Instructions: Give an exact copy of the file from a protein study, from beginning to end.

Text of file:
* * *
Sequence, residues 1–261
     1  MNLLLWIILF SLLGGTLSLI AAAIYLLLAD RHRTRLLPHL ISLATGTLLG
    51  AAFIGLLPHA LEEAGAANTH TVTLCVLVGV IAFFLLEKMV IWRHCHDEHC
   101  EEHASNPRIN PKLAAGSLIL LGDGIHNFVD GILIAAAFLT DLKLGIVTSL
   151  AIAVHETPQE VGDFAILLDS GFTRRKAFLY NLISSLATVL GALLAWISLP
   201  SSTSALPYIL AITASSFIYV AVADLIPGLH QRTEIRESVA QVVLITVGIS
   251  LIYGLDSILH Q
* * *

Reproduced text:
Sequence, residues 1–261
     1  MNLLLWIILF SLLGGTLSLI AAAIYLLLAD RHRTRLLPHL ISLATGTLLG
    51  AAFIGLLPHA LEEAGAANTH TVTLCVLVGV IAFFLLEKMV IWRHCHDEHC
   101  EEHASNPRIN PKLAAGSLIL LGDGIHNFVD GILIAAAFLT DLKLGIVTSL
   151  AIAVHETPQE VGDFAILLDS GFTRRKAFLY NLISSLATVL GALLAWISLP
   201  SSTSALPYIL AITASSFIYV AVADLIPGLH QRTEIRESVA QVVLITVGIS
   251  LIYGLDSILH Q